Author + information
- Received April 14, 2010
- Revision received July 22, 2010
- Accepted August 9, 2010
- Published online November 1, 2010.
- Robert D. Rifkin, MD⁎ ( and )
- Shivak Sharma, MD
- ↵⁎Reprint requests and correspondence:
Dr. Robert D. Rifkin, Division of Cardiology, Washington University School of Medicine, Campus Box 8086, 660 South Euclid Avenue, St. Louis, Missouri 63110
Objectives The purpose of this study was to develop and test a simple, clinically practical alternative isovelocity surface (ISVS) model for calculating effective regurgitant orifice area (EROA) in mitral regurgitation (MR) when the regurgitant orifice is elongated, such as in functional MR.
Background Clinical experience and 3-dimensional imaging suggest that the traditional hemispheric ISVS model used in the conventional proximal isovelocity surface area (PISA) calculation is invalid in certain MR cases and can cause erroneous EROA values.
Methods Our ISVS model consisted of 3 sections of equal radius (R): a cylindrical midsection of length (L) positioned between 2 hemispheroidal end sections. Total ISVS area (TS) is equal to 2πR2 + πLR and EROA is equal to (VN/VCW)TS, where VN is the flow velocity crossing perpendicular to the ISVS, and VCW is the peak MR jet velocity by continuous-wave Doppler. This EROA was corrected for any obtuse angle, θ formed by tented leaflets, by multiplying TS by a planar factor, (θ/180) or a combination of this planar factor for the cylindrical midsection and the solid-angle factor, 1−cos(θ/2), for the 2 spheroidal end sections. In 24 cases of severe or 3+ functional MR, we calculated EROA using 3 traditional hemispheric surfaces and 3 alternative ISVS models that differed in the leaflet angle correction applied. Results were compared with continuity-based EROA using the standard mitral valve − aortic valve stroke volume method and with predictions based upon theoretical geometric considerations.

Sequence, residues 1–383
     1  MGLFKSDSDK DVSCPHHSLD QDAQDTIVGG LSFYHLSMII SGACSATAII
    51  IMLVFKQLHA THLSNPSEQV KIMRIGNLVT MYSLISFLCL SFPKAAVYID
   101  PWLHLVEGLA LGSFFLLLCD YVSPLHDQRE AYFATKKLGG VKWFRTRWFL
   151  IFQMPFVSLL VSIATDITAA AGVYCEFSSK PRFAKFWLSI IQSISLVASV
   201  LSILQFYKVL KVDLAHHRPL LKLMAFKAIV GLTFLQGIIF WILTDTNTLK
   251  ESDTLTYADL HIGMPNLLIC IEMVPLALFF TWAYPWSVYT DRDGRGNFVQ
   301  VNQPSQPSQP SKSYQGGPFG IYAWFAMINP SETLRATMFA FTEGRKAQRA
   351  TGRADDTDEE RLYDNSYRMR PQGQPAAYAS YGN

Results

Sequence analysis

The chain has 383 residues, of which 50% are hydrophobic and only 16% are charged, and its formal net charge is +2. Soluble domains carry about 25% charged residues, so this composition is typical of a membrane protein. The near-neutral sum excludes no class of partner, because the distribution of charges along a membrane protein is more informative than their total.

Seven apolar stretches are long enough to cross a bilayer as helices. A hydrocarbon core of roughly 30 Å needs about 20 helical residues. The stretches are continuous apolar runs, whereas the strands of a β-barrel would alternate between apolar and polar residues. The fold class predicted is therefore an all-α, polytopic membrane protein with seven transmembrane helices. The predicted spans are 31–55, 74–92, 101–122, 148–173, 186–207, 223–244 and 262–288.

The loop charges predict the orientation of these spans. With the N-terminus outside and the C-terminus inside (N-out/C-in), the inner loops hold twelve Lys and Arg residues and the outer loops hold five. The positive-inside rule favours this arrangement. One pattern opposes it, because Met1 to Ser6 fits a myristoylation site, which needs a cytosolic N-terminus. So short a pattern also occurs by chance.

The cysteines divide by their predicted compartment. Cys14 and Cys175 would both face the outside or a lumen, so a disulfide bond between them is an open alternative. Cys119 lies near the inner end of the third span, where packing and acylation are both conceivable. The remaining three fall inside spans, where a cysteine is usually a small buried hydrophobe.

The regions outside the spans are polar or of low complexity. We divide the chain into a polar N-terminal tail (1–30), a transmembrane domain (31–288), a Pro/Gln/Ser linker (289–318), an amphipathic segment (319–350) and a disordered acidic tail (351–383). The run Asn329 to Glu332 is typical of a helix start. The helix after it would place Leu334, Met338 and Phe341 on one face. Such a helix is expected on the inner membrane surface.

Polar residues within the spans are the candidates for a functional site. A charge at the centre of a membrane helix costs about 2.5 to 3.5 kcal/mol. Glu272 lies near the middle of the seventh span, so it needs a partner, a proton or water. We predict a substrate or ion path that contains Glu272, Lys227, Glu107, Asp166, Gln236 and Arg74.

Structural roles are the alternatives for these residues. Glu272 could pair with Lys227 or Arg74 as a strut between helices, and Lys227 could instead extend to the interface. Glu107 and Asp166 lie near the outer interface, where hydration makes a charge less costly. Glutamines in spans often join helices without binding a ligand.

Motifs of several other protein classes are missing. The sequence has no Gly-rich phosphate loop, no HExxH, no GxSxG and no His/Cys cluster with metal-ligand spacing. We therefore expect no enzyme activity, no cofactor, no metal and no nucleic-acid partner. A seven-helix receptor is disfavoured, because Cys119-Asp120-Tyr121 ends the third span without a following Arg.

Results The mean differences between continuity EROA and ISVS area–based EROA for no angle correction, planar correction, or combined angle correction were, respectively, 0.38, 0.32, and 0.28 cm2 for the 3 spherical surface models and 0.17, 0.018, and −0.012 cm2 for the 3 alternative 3-section ISVS models. The empiric EROA results with both the traditional spherical and alternative ISVS models agreed well with theoretical geometric predictions.
Conclusions The traditional spherical PISA model underestimates EROA in functional MR. For elongated MR orifices, an ISVS model that mirrors orifice shape yields more accurate EROA values. Correction to the ISVS area for obtuse leaflet angulation improves accuracy of EROA estimation.
The authors have reported that they have no relationships to disclose.
- Received April 14, 2010.
- Revision received July 22, 2010.
- Accepted August 9, 2010.
- American College of Cardiology Foundation